?מַה נִּשְׁתַּנָּה הַלַּיְלָה הַזֶּה מִכָּל הַלֵּלוֹת

Passover Seder Dinner

Messianic Haggadah

The Ten Plagues

(This is not part of the Seder but explains the reasons for the specific plagues.)

"On that same night I will pass through Egypt and strike down every firstborn--both men and animals--and I will bring judgment on all the gods of Egypt. I am the Lord!" (Exodus 12:12)


The first plague was blood (dahm) - Exodus 7.14-24. This was an attack on Hapi, the father of the gods, who was “god” of the Nile, the one who brings water to all Egypt for life. He was responsible for watering the meadows and bringing the dew. But most importantly he brought fertile inundation, the rising of the Nile. As a fertility god, he is associated with Osiris.

The Nile was considered the link from this life to the next. The Nile was considered the blood of Osiris. The priests of Egypt abhorred blood, yet they cruelly sported with blood of the captive Israelites whose children they caused to be cast into the Nile. The Egyptians worshipped the river. Other deities connected with the Nile are Amon, and Khnum who was the guardian of the Nile.


The second plague was frogs (tz’fahr’day-a) - Exodus 8.1-15. This was an attack on Heka (Heqt) the toad goddess, wife of Knepfh (Khnum) who was “goddess” of the land. Also, Heka was the goddess of the resurrection and procreative power. Frogs were consecrated to Osiris and were the symbol of inspiration. Frogs and toads were very sacred to the Egyptians. Killed a frog, even unintentionally, was punishable by death.

    Something you may want ask the kids: The Bible says the plagues were a punishment and there were frogs everywhere. Where did the frogs "go to the bathroom?"


The third plague was gnats (kin-nim) - Exodus 8.16-19. This was an attack on Geb, "the great cackler," god of the earth or vegetation, father of Osiris and husband of Nut.


The fourth plague was flies (a-rov) - Exodus 8.20-32. The word a-rov can mean either flies or wild beasts and both translations are used. This was an attack on Khepfi, the scarab beetle, god of insects. The scarab was an emblem of Re (Ra), the sun god.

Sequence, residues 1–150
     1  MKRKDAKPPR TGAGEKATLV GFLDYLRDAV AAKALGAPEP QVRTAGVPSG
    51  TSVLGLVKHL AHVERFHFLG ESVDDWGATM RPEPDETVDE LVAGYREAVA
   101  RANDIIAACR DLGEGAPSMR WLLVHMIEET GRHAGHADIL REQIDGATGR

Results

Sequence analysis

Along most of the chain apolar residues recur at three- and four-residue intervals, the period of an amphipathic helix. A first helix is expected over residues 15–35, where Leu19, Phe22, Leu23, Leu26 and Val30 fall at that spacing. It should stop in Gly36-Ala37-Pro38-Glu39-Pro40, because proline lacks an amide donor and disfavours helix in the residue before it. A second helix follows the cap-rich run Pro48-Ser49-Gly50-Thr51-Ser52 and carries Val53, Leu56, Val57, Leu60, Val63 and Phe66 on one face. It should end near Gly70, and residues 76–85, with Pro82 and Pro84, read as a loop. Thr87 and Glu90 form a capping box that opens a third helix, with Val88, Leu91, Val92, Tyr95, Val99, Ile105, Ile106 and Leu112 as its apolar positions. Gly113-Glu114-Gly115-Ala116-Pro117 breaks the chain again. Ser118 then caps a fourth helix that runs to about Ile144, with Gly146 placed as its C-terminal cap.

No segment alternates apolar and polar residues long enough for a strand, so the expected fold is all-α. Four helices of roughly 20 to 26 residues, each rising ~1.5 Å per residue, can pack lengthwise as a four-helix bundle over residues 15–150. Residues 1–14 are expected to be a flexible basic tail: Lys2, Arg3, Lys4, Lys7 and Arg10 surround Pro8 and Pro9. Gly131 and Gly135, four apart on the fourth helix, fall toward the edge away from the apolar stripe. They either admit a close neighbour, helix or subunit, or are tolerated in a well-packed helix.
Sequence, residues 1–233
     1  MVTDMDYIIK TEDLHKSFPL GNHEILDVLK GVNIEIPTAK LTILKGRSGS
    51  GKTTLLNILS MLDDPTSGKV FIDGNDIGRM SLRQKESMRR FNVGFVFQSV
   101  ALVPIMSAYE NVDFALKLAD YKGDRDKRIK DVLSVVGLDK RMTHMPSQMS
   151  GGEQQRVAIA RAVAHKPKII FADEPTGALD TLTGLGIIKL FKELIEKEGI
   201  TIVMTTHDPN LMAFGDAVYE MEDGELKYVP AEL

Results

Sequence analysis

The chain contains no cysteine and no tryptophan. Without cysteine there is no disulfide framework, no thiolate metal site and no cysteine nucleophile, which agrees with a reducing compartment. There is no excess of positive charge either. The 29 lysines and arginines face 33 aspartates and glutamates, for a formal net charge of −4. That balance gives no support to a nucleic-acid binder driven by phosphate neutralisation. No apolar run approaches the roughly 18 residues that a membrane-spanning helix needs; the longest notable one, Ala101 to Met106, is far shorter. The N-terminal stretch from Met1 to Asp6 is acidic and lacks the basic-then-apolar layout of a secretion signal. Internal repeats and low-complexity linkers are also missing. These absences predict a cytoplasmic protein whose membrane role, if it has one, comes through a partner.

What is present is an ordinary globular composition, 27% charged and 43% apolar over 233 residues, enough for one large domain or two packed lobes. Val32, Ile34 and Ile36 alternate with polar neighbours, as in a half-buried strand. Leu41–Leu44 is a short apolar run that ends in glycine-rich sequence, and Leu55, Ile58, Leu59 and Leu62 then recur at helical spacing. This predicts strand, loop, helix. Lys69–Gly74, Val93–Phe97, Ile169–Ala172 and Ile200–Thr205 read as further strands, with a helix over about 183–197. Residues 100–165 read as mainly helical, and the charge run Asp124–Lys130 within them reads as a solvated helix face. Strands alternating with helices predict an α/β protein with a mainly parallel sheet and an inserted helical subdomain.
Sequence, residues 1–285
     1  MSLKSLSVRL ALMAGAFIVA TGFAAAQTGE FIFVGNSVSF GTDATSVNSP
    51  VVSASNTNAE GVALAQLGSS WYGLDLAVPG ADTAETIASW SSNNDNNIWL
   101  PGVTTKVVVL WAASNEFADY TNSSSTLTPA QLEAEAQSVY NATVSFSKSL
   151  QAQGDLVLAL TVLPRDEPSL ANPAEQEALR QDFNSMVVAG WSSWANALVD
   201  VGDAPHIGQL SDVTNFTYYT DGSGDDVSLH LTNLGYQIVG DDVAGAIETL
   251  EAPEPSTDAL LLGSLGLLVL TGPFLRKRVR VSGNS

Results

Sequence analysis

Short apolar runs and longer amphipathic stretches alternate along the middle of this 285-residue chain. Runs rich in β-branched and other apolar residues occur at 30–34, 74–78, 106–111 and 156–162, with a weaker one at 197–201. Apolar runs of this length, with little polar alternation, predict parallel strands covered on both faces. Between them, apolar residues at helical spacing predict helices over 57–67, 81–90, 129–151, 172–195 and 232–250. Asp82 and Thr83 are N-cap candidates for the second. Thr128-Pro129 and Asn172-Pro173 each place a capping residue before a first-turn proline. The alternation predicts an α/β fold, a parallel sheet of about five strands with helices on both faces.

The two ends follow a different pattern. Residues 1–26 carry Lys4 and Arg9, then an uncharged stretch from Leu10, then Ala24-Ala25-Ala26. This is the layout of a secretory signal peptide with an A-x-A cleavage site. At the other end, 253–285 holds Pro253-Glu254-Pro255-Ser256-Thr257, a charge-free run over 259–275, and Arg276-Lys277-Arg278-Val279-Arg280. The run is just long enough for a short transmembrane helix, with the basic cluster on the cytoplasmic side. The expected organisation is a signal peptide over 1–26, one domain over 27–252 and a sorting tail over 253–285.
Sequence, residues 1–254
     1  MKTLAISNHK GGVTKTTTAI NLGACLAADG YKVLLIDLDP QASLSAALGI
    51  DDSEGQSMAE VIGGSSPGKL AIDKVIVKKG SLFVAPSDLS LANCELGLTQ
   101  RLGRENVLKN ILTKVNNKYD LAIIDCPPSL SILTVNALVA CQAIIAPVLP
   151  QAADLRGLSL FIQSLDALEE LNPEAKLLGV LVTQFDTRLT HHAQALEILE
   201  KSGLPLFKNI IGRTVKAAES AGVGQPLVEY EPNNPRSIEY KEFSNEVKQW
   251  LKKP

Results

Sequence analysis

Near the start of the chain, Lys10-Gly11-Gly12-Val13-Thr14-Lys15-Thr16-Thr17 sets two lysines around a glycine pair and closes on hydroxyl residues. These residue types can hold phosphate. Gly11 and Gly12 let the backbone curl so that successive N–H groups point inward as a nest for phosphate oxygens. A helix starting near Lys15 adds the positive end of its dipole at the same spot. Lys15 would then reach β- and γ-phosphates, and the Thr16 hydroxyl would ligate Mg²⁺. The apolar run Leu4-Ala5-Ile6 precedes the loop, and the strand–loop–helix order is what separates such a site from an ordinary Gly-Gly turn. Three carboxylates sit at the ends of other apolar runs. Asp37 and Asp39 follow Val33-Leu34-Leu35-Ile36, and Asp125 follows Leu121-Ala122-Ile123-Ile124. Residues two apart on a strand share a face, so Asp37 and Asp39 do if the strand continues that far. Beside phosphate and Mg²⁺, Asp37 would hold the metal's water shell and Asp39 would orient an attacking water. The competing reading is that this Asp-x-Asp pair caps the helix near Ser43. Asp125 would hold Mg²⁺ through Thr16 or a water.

The fifth plague was livestock (de-ver) - Exodus 9.1-7. This was an attack on Apis, the bull god. His female counterpart was Hathor, the cow goddess. Their place of worship was at On (Heliopolis). The Egyptians held many beasts in idolatrous veneration. The lion, wolf, dog, cat, ape, and goat were very sacred to them, but especially the ox, heifer, and ram (Khnum). The soul of their god Osiris was believed to reside in the body of the bull, Apis. Mnevis, the bull god, was THE symbol of fertility.


The sixth plague was skin boils (sh’chir) - Exodus 9.8-12. This was an attack on Thoth (Imhotep), god of medicine and intelligence/wisdom. The Egyptians had several medical deities. They performed human sacrifices on special occasions, burning people alive on a high altar and casting their ashes into the air, so that a blessing might descend upon the people with every scattered ash. Moses took ashes from the furnace and cast them into the air. The ashes were scattered by the wind, descending upon all the priests, people, and beasts causing boils, thus shaming the god Thoth.

7 - HAIL

The seventh plague was hail (ba-rad) - Exodus 9.13-35. This was an attack on Nut, who was the sky “goddess,” for this was harvest time, the time of plenty. Like her husband Geb, HaShem attacked and destroyed the crops. She was the mother of Osiris. Also, this was an attack on Isis, goddess of life, and Seth, protector of crops.

    It helps to understand the Egyptian climate. Buildings were made of mud bricks consisting of dried mud and straw. Even today many Egyptian homes have rooms with no roof because it simply doesn't rain in Egypt.


The eighth plague was locust (ar-beh) - Exodus 10.1-20. This was an attack on Anubis, god of the fields, especially cemeteries. This plague finishes up the damage done by the hail. They devoured every herb of the land and fruit of the trees. Also, this plague was an attack on Isis, protector against locust, and Seth, protector of crops.


The ninth plague was darkness (cho-shekh) - Exodus 10.21-29. This was an attack on Ra or Amon-Re, the sun god. Darkness was considered a creation of Seth, evil principle destroyer of Osiris. It seemed Re (Ra), the sun god, was dead; and Seth had killed him. This plague was so terrible that the darkness could be felt! At the same time that the Egyptians had darkness, the Israelites had light. Ra was believed to be the physical father of all Pharaohs. Pharaoh was the king of all gods.


The tenth plague was death of the first-born (mak-kat b’kho-rot) - Exodus 11,12. This was an attack on Pharaoh, who was the "god-king." Pharaoh was considered a god, as well as his first-born son who would succeed him on the throne. First-born people and animals were often worshipped. Pharaoh was considered an incarnation of Ra, the sun god, and Osiris, the giver of life. Because Pharaoh’s son was considered a god, a god of Egypt actually died.

This plague HaShem used to humble Egypt for the cruel ways that she had treated His people. Egypt had enslaved Israel and murdered her male children, but HaShem, struck back with an awful vengeance. His righteous anger was made known upon every house that was not covered with the blood. When HaShem saw the blood, he passed over.